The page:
EXOTIC FISH A CONCERN FOR STATE'S NATIVE FISH, SPORTFISH MANAGEMENT

Aug. 23 2004

Two bighead carp recently caught by an angler at Cherry Creek Reservoir have raised a red flag for state aquatic biologists, who are concerned the discovery could have serious, long-term implications for state fisheries and recreation.

“This is the first time we have seen this unwanted species in any of our sportfishing waters in Colorado,” said Pete Walker, senior fish pathologist for the Colorado Division of Wildlife. "I'm sure whoever released them did not understand the potential impacts, but it's a terrible thing, and it's very much against the law to let fish like this loose in state waters."

Walker identified the fish as bighead, a species of Asian carp that eat large quantities of zooplankton. He and other aquatic experts worry that, in sufficient numbers, bighead carp could negatively impact sportfishing at impoundments around the state. Aquatic biologists said zooplankton is the primary food source for young fish and adult gizzard shad, the most important forage species for eastern Colorado reservoirs. Fishery managers use shad as food for larger, more desirable sportfish such as walleye.

Another serious and more immediate threat to humans is the bighead carp’s reaction to motor boats. The fish, which can grow more than 4 feet in length and weigh 100 pounds, tend to swim through surface waters. When startled, they can jump up to six feet in the air, sometimes right onto boat decks.

“They actually have caused serious harm to people—broken arms and legs,” said Tina Proctor, aquatic nuisance species coordinator for the U.S. Fish and Wildlife Service. “We obviously are very concerned for the safety of people as well as the effects they can have on the native species.”

State and federal biologists are concerned that bighead carp might have spread downstream to the South Platte River, where river flow could provide the habitat they need to successfully reproduce. Large adult females can produce as many as 900,000 eggs per year, according to research data.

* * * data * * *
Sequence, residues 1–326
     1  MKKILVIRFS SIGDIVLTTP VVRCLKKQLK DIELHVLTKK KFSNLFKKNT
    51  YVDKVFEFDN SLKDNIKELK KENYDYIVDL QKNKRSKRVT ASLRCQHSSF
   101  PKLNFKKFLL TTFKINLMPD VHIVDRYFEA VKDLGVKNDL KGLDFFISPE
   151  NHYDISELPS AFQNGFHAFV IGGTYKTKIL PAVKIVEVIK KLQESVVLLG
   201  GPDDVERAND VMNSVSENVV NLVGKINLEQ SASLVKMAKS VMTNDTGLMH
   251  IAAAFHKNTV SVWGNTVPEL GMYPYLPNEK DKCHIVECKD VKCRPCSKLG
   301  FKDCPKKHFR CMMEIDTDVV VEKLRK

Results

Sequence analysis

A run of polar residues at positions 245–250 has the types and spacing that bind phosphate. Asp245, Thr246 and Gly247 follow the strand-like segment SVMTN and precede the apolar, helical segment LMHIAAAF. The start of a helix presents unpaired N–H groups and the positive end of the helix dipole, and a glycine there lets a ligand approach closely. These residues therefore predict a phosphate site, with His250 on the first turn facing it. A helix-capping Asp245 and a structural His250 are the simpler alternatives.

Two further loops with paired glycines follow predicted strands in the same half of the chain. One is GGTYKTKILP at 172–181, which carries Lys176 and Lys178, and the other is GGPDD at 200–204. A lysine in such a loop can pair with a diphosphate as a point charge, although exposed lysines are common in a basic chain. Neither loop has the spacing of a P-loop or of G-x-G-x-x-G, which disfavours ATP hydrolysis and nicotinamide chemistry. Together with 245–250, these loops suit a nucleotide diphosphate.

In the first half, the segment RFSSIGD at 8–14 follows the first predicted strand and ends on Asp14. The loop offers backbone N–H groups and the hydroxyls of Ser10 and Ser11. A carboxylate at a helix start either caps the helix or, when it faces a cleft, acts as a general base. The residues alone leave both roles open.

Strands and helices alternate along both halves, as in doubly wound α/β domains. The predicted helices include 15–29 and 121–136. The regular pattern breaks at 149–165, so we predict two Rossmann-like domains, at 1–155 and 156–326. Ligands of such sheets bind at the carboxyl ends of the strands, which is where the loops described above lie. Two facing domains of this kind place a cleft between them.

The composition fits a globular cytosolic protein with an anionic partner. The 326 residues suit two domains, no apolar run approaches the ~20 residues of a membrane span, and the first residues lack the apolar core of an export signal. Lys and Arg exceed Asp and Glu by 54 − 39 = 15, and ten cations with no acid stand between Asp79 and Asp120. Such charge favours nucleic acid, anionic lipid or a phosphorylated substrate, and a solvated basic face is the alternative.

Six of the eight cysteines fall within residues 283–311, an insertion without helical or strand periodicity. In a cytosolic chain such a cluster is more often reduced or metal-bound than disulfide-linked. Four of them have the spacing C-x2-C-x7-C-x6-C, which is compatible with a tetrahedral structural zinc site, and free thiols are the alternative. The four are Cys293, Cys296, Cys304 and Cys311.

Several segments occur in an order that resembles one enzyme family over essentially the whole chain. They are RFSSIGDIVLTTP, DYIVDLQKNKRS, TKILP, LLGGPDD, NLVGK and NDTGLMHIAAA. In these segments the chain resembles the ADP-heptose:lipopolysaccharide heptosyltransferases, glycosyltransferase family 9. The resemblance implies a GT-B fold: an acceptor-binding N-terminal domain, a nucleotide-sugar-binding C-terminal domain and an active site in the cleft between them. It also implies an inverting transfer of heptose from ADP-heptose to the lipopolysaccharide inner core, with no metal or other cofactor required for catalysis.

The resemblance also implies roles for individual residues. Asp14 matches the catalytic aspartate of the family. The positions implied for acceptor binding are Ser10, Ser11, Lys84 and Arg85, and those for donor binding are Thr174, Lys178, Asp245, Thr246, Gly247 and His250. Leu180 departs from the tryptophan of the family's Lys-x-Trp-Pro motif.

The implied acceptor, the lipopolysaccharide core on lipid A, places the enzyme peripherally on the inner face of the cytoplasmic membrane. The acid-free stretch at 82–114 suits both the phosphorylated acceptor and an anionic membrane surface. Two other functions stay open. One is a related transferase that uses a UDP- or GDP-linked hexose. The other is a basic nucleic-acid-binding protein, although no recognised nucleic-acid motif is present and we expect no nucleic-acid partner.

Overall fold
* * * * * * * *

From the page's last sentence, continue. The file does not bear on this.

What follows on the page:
Available evidence indicates that fish farmers imported bighead carp to the southern United States in the early 1970s. Two other species, grass and silver carps, also were imported into the country. In the early 1980s the fish began to appear in public waters, the likely result of escape from fish farms and aquaculture facilities. Bighead carp have now been recorded in or along the borders of at least 18 states. More recently, another Asian species, the mollusk-eating black carp, was imported into the U.S. Southeast.

Federal wildlife officials are concluding a three-year research project to study the effects of bighead carp on native species in Colorado, Montana, Wyoming, Utah, the Dakotas, Nebraska and Kansas. Results are due to be released this fall, the U.S. Fish and Wildlife Service's Proctor said.

Proctor said there are many things people can do to prevent the spread of bighead carp and other invasive species, including:

-- Learn to identify bighead and other large carp species;
-- dispose of unwanted live-bait fish in the trash, and not in the water, because bait fish could contain unknown species;
-- never move live fish from one body of water to another;
-- drain lake or river water from a boat’s live well and bilge before leaving a body of water;
-- and inspect and remove aquatic plants from boat water and trailer.

The bighead carp is characterized by its terminal mouth, located toward the front of the head; a pronounced under-bite; small trout-type scales; low- and forward-set eyes; and other distinguishing features.

The Bighead and Silver Carp Watchcard, a pocket-size card containing identification and prevention information, is available from the Colorado Division of Wildlife via e-mail at robin.knox@state.co.us or from the USFWS via e-mail at bettina_proctor@fws.gov.

In addition to the bighead carp, two other exotic fish species have been identified this month by Colorado wildlife biologists. A pacu, a vegetarian relative of a piranha, and an arawana, a large top-level predator species, were caught by anglers in the southeast Denver metropolitan area. Both of these species are often kept as pets in tropical aquariums, and owners sometimes release them when they get too large for tanks.

Colorado's Walker said people illegally release a number of exotic fish species into Colorado waters each year, which could result in far-reaching, long-term impacts on the state's $650 million-per-year sportfishing industry.

“People think all the aquarium species are tropical and unable to stand the cold weather in Colorado, but that is often not the case," he said.

Releasing fish and other aquatic wildlife into Colorado ponds, streams and lakes is illegal without proper licenses and permits. State wildlife officials ask anglers who catch exotic species to report them in person (with fish in hand), or via phone or e-mail. Information can be sent to the Colorado Division of Wildlife, Aquatic Wildlife Section, 6060 Broadway, Denver, CO 80216; by phone at 303-291-7362, or via e-mail to robin.knox@state.co.us.

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